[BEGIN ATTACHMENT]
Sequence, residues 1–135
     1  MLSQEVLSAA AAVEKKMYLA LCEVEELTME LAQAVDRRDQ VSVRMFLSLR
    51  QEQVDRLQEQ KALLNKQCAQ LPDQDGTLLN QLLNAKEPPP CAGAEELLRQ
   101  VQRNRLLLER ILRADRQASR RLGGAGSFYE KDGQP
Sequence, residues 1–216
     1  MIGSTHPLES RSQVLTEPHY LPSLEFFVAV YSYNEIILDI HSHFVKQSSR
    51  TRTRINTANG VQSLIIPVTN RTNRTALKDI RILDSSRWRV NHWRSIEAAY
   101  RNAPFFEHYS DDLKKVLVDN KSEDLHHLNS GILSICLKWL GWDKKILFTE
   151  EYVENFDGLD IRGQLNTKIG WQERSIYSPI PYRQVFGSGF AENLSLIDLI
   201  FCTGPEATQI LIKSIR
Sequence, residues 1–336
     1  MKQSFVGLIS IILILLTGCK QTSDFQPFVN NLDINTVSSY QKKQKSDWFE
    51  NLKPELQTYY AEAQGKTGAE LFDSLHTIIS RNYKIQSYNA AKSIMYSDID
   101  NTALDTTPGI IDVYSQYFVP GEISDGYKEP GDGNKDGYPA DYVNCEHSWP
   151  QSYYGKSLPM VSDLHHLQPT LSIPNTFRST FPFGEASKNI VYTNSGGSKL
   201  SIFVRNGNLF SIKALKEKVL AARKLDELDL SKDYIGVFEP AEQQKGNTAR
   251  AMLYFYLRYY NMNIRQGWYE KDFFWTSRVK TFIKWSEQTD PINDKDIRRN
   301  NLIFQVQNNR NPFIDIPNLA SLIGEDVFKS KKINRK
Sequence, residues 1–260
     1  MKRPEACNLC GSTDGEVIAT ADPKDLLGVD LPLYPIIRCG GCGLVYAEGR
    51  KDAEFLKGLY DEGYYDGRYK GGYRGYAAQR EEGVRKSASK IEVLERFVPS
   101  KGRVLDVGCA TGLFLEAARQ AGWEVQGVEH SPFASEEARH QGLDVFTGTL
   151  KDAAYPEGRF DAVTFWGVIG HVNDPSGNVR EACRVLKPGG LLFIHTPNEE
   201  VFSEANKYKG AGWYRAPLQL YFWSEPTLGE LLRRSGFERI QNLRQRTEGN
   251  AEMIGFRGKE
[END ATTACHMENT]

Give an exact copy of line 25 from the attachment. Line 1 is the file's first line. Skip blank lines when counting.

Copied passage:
   251  AEMIGFRGKE